Craigslist, thrift shops and yard sales can yield some great bargains, if you know what to look for.
The first piece of furniture I ever bought was used: a nightstand for 75 cents at a church yard sale. It was a good purchase. I’m still using it, 42 years later.
Throughout my life, I have bought most of my furniture, especially wood furniture, used. Not only is it much cheaper than new furniture, it is often of better quality than what you find in many furniture stores.
Craigslist, the online classified service, has really improved the used furniture shopping experience, with the ability to see dozens or hundreds of pieces of all styles from home.
That’s not the only place to find used furniture bargains, of course. Thrift shops, yard sales and newspaper classifieds also yield deals.
But you need to be a careful shopper.
Is the parent or the driver responsible when the child in the car pool doesn't buckle up?
I’ve been listening to a lot of talk radio in the mornings lately, and the other day a strange financial situation came up. I thought it would be cool to see how you all interpret it.
The callers to the show seemed to be pretty 50/50, but to me there was really just one clear side (you’ll see what that is in a bit). But, as many of you know, I can get persuaded pretty easily when I’m outside my level of expertise. So check it out and then let me know what you think about it.
The 'situation' (GTL, baby!)
The situation is pretty common, I think.
A bogus $1,000 Ikea gift card offer drew more than 70,000 users to a scam page.
Facebook has begun warning users to avoid bogus links to free gift card offers because they are scams aimed at stealing user identities.
Facebook Security says it tries to remove the links and pages as quickly as it can find them.
"Watch out for suspicious offers for free gift cards," the Web site warns. "We've been removing groups and pages that promise free gift cards, but instead trick people into entering information or spamming their friends. If you come across one, report it to us immediately."
The schemes usually work this way:
The financial troubles of Greece and other European countries could make them bargain vacation destinations.
Investors are on edge about Greece's ability to finance itself. Spain, Italy and Ireland are mired in debt woes, too. Could it be a good time to book a trip to Europe?
Not only is the dollar up about 7% against the euro since the beginning of the year -- making everything from baklava to Irish stout cheaper for American travelers -- flights and hotels to some of Europe’s weaker economies are looking like bargains.
Spend based on who you are, not who you want to be. Stuff you buy won't transform your life.
Recently, I wrote about my obsession with gadgets and how much that has cost me over the years. As always, your comments and stories were more entertaining (and instructive) than the post itself. In fact, a comment from "chacha1" gave me a flash of insight. She wrote:
The thing that’s a *headdesk* for me is the digital piano in my dining room. It’s an excellent instrument, but at the time I bought it I hadn’t played regularly for over 10 years. And I’ve had it over six years and have barely played it.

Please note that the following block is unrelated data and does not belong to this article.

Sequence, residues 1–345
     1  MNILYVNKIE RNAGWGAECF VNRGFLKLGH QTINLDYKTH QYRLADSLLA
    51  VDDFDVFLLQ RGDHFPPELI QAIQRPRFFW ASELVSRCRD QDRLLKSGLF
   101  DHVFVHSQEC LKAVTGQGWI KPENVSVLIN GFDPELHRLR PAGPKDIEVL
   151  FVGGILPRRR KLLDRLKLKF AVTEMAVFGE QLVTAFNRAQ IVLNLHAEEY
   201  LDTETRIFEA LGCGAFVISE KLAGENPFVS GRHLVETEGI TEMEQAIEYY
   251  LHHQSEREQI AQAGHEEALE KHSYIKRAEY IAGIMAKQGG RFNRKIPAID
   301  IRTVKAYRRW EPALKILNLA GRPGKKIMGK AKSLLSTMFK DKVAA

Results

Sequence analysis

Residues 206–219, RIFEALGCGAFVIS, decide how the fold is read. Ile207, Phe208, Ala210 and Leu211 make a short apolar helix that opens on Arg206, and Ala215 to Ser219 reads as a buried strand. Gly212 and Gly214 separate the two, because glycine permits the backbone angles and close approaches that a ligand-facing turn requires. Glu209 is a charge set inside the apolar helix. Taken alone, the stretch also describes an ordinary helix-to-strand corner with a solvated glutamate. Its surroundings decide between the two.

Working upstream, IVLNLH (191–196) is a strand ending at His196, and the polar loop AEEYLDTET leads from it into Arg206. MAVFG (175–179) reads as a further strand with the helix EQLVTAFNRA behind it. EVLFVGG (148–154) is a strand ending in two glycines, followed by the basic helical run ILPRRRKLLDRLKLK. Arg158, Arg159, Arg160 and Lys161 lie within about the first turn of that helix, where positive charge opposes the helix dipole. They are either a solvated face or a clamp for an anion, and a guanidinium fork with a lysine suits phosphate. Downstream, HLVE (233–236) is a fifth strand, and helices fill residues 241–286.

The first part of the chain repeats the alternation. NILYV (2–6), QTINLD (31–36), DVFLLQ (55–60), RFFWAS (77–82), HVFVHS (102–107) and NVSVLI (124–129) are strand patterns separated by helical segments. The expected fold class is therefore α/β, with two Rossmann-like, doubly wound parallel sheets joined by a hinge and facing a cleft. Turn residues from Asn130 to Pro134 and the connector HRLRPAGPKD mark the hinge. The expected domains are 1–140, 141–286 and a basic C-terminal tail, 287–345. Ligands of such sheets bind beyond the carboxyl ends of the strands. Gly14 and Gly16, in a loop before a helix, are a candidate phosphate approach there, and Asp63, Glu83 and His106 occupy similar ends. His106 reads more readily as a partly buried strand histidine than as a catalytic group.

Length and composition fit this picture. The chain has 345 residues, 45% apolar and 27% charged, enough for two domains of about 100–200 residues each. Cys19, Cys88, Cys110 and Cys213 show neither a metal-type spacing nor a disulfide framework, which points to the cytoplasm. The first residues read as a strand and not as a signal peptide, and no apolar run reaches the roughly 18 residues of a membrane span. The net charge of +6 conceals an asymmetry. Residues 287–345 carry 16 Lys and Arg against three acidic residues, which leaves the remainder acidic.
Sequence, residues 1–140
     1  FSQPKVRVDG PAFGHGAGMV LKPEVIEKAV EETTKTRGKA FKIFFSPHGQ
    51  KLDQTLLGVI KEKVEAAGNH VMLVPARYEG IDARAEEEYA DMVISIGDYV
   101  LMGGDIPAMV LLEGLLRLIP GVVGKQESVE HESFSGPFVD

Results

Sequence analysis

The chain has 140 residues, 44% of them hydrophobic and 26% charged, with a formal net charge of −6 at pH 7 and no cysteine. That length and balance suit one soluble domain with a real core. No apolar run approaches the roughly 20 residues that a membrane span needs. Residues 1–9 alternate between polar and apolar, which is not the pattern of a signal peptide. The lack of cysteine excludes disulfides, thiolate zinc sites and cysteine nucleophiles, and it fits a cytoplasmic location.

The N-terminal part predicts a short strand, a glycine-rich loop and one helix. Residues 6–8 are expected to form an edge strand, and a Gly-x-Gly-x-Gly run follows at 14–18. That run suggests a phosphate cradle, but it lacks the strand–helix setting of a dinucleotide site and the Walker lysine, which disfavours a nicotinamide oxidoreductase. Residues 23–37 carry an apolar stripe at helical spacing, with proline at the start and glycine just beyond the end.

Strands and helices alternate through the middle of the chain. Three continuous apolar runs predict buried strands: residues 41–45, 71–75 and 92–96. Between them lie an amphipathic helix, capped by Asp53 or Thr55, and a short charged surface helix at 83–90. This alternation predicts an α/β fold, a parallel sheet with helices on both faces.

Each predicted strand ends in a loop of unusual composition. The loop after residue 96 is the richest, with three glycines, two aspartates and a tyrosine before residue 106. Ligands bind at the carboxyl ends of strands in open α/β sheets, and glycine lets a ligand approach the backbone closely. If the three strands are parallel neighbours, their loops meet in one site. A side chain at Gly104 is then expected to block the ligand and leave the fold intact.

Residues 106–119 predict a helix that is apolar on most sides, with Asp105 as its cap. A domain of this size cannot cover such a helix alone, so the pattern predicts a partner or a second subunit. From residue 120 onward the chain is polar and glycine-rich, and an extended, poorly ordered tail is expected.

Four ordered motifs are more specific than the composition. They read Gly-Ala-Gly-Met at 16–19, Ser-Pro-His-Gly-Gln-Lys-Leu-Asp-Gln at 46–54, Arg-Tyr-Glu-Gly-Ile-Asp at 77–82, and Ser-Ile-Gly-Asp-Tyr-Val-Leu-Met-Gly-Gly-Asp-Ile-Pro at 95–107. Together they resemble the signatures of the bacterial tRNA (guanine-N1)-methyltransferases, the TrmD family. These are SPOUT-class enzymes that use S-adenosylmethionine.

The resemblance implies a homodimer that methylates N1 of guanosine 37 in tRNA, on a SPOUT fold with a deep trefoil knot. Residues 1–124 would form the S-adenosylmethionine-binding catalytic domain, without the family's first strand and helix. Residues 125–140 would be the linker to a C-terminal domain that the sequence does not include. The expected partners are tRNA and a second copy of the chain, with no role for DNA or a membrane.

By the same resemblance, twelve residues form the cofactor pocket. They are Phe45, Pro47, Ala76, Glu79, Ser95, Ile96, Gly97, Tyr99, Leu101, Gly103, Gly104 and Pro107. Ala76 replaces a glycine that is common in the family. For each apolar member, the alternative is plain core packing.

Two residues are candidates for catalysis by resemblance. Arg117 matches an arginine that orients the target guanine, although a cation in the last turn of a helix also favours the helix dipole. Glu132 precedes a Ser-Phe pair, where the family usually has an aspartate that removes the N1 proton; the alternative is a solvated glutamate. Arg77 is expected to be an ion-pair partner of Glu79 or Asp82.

Oh my word. I’ve done this sort of thing so many times in the past, and I continue to make this mistake even today. But it wasn’t until reading this comment that I realized what exactly I was doing wrong.
A number of wealthy Americans have banded together to insist that their tax rates go up.
Happy Tax Freedom Day to a group of folks I consider real patriots -- millionaires who want to pay higher taxes.
They’re the antithesis of the people (generally not economists) who complain that taxes are way too high but add, “Don’t touch my (Social Security, Medicare, farm subsidies, or whatever their favorite government program is)."
And these noble rich folks are getting their message out there.
Why do some people who have tons of money pursue extreme frugality?
Everyone loves the “lived like a pauper but secretly a millionaire” stories. We wonder: What would possess people who have lots of money to live like that?
The latest story comes out of Skelleftea, Sweden, where Curt Degerman died in his sleep of a heart attack and left $1.4 million to a cousin. Degerman was a raggedy-looking guy who was a local fixture for decades, picking up bottles and cans and turning them in for cash. It turns out he was partial to mutual funds, Robert Frank said at The Wall Street Journal’s Wealth Report.
Week of free visits to national parks is one of the deals offered for Earth Day-Week-Month. Don't forget appliance rebates.
What better way to celebrate Earth Day than make a free visit to a U.S. national park?
In celebration of National Parks Week (which just happens to coincide with Earth Day on April 22), entry to all 392 U.S. national parks will be free April 17-25. Some park concessionaires also are offering special deals that week.
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